Suffolk Water Authority Approves $20 Quarterly Fee to Clean Up 1,4-Dioxane

Suffolk Water Authority Approves $20 Quarterly Fee to Clean Up 1,4-Dioxane

Map of 1,4 Dioxane across Long Island by highest level detected within each water district. Photo from Citizens Campaign for the Environment

Suffolk County residents are being asked to reach into their wallets to help the water authority deal with the ongoing presence of 1,4-dioxane in local groundwater, which is the sole source of drinking water on Long Island. 

The Suffolk County Water Authority announced Nov. 22 that the board approved a $20 quarterly fee added onto customers bills starting Jan. 1, 2020. The bill will go toward the cost of developing and operating treatment systems for filtering 1,4-dioxane and other perfluorinated compounds PFOS and PFOA in anticipation of New York State mandating such regulations.

“As we’ve said since state officials first began considering the regulation of 1,4-dioxane and perfluorinated compounds, we fully support taking whatever measures are necessary to ensure our customers continue to have a drinking water supply that is among the best in the country,” said SCWA CEO Jeffrey Szabo. “But, as we’ve also said, these regulations come at a high cost. We need the funds that will be raised by the quarterly fee to develop the treatment systems to meet the new standards.”

In an October presentation to Suffolk County legislators, SCWA proposed installing 31 new advanced treatment systems at a number of sites where the levels of 1,4-dioxane are higher than the state proposed limit, which is 1 part per billion.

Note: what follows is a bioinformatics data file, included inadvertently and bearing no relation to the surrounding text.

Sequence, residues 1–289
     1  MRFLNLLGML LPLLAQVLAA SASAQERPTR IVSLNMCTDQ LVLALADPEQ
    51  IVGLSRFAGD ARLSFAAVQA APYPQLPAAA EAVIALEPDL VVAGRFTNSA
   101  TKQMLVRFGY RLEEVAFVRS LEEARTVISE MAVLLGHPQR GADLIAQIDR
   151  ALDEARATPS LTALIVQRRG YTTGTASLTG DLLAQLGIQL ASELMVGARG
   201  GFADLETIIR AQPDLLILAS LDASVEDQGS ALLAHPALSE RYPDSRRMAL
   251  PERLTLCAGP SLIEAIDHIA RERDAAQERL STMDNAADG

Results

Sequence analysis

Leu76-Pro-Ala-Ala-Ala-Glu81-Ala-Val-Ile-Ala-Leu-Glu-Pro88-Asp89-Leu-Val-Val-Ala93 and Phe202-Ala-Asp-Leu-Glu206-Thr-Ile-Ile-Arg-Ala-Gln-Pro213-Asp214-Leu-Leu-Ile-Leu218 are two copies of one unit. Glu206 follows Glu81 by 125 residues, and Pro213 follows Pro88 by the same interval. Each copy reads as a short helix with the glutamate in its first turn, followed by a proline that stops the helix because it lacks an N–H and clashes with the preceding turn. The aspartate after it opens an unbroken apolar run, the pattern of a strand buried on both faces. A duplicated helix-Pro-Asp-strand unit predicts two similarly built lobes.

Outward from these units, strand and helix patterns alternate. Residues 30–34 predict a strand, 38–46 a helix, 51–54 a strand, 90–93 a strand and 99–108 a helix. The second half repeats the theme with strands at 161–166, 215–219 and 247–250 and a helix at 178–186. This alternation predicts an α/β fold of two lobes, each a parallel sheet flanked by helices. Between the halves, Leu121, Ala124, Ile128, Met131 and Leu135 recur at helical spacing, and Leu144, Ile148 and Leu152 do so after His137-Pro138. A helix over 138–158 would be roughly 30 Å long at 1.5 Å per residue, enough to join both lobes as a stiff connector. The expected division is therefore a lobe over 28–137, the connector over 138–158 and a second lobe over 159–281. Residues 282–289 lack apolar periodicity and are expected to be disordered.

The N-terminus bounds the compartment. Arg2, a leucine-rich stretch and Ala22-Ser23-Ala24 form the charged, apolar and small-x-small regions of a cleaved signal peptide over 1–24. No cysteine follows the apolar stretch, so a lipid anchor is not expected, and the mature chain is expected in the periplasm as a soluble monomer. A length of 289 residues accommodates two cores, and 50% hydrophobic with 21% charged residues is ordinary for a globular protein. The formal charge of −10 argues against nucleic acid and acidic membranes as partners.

Water officials and environmental activists have made 1,4-dioxane a topic of concern this year, pointing out that it is a likely carcinogen with links to liver and kidney damage after a lifetime of exposure.

If the state limits 1,4-dioxane to 1 part per billion and PFOS and PFOA at 10 parts per trillion, the water authority will have to put into service 56 new advanced oxidation process treatments, and 20 new granular activated carbon systems. The total cost for all these systems is expected to exceed $177 million over the next five to six years. 

The $80 yearly charge is expected to cover those costs over time. The water authority services approximately 1.2 million Suffolk residents, including most parts of the North Shore.